We use the Research and Development Scoreboard and Value Added Scoreboard produced by DTI to dig down into the reasons why, for a predominantly service sector economy such as ours, simple R&D measures are not sufficient for our innovation policy mix. We work closely with the private sector to further develop and refine our policy implementation.
The business led Technology Strategy Board is about increasing the opportunities for business to exploit science and technology through collaborative research and development and our Knowledge Transfer Networks.
In July, the board will become an Executive Non Departmental Public Body, improving its ability, we believe, to operate with flexibility.
Innovation Platforms are being developed by the Board to bring business and Government together to generate more innovative solutions to major policy and societal challenges. Platforms on network security and also on intelligent transport systems are underway. The evidence so far indicates that Innovation Platforms are hitting the right buttons. We are exploring the potential for new Platforms in three rather different areas: assisted living, low environmental impact buildings, and environmentally friendly transport.
Also R&D Tax Credits are the biggest single funding mechanism for business R&D provided by Government and help companies to invest more in research and development and are worth £600m a year to British business.
We are also working across government to ensure that Public Sector Procurement, the money that the government at different levels spends itself on goods and services, can stimulate innovative solutions and when you consider government spending is some £125 billion per year, you can see the potential power of the procurement exercise.
Now turning to the wider European Union, this year marks the 25th anniversary of the launch of the Framework Programme. From a small beginning, the Programme has grown into one of the largest and most ambitious research programmes in the world. I believe that research is a success story for Europe, and we should be proud to say so.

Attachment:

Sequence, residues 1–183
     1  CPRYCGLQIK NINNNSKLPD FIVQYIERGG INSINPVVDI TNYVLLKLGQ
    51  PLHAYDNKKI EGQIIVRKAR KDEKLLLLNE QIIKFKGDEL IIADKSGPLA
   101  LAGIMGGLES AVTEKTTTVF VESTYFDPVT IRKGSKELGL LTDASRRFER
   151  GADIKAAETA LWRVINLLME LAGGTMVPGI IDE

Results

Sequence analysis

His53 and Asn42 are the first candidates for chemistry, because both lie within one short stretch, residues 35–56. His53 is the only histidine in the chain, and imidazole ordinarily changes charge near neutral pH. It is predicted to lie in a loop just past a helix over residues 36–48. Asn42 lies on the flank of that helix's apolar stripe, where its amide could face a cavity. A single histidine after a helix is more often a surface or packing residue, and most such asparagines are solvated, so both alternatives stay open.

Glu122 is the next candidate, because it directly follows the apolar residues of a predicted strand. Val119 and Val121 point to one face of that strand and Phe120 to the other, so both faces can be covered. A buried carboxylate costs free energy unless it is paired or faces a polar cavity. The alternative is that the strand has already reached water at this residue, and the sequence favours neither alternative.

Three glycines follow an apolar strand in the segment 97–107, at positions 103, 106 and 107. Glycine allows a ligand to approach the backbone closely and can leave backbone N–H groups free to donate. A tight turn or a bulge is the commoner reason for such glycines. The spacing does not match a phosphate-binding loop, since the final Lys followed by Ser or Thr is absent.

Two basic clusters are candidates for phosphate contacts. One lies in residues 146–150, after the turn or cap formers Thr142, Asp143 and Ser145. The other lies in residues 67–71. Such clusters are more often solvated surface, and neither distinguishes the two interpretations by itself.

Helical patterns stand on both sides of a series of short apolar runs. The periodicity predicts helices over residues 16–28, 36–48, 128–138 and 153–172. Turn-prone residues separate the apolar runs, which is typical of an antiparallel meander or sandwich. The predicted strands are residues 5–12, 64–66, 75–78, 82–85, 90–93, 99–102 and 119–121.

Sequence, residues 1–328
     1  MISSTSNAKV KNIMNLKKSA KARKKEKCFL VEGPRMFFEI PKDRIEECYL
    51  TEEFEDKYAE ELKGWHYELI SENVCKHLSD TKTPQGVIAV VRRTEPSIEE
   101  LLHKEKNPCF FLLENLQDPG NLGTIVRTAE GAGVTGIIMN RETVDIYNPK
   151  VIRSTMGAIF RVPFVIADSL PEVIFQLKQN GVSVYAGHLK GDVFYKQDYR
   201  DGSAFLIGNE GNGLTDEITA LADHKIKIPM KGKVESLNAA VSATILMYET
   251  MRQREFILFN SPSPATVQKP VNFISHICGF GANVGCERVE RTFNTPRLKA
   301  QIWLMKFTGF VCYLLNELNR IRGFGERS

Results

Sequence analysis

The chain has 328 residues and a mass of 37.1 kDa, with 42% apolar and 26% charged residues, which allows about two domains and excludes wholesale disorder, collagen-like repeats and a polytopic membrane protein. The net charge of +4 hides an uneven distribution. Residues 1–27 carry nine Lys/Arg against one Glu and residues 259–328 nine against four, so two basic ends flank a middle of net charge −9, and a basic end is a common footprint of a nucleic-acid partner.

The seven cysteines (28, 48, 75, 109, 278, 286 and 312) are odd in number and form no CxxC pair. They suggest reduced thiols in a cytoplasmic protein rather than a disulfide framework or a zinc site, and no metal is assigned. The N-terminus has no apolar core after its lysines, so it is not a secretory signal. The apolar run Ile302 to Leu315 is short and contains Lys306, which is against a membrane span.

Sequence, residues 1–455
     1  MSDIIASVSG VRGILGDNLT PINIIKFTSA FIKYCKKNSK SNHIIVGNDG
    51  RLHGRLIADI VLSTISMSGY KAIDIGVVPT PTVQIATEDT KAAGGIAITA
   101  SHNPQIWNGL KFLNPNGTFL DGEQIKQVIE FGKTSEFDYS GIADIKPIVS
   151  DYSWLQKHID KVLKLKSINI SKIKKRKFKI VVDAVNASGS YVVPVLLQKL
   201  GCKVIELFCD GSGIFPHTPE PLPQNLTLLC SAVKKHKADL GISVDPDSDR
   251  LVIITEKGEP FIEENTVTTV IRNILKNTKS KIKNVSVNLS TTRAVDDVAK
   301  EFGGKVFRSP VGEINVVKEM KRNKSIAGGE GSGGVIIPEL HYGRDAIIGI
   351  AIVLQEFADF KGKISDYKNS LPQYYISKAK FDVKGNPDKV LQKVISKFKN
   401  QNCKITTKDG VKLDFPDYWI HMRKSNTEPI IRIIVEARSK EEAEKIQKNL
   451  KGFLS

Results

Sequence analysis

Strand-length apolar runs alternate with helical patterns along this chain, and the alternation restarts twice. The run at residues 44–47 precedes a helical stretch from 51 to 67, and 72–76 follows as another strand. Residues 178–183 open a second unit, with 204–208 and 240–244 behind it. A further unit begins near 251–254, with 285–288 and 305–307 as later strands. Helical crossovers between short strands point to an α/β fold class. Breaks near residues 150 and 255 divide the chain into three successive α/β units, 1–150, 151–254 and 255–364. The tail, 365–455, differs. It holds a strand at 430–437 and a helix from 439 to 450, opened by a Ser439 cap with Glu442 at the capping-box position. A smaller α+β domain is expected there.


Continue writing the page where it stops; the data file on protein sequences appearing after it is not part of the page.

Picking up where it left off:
I particularly welcome the greater industrial focus in FP7. For example, I know that many UK businesses have been involved in the European Technology Platforms that have helped to define the research priorities. A major challenge during this year of 2007 will be the launch of the first Joint Technology Initiatives funded by FP7 and industry. Again, many UK companies are involved and have told me how important these Initiatives are.
The launch of the European Research Council also offers unprecedented opportunities for researchers here in Great Britain. The ERC is an excellence driven model of research funding, similar to the Research Councils here in Britain. In the UK, this approach has underpinned our world leading position in many fields, and I am confident that it will deliver the same benefits across Europe.
The Framework Programme is an important strand of the Lisbon strategy and its associated goal of spending 3% of European GDP on research and development. But it is not the only strand - indeed each Member State must play its part. The UK, for example, has its domestic ten year framework for science and innovation. Our aim is to raise research investments to 2.5% of GDP by 2014. This framework underpins the UK Government’s commitment to creating the best environment for research and innovation.
Now I believe that the European Union must have a forward-looking agenda. It must address tomorrow’s challenges, such as in climate change, energy security, and space science. All of these challenges share some common characteristics. They are trans-national and no single country can go it alone. And, in all cases, research and technological development are vital if we are to succeed.
These challenges are integral to the future well-being of our European economy. There can, no longer, be policy silos in Europe. Far sighted as Harold Wilson was in 1967 when he called for a separate European Technological Community to complement the then EEC, we now recognise that innovation and economic prosperity go hand in hand; they are interdependent.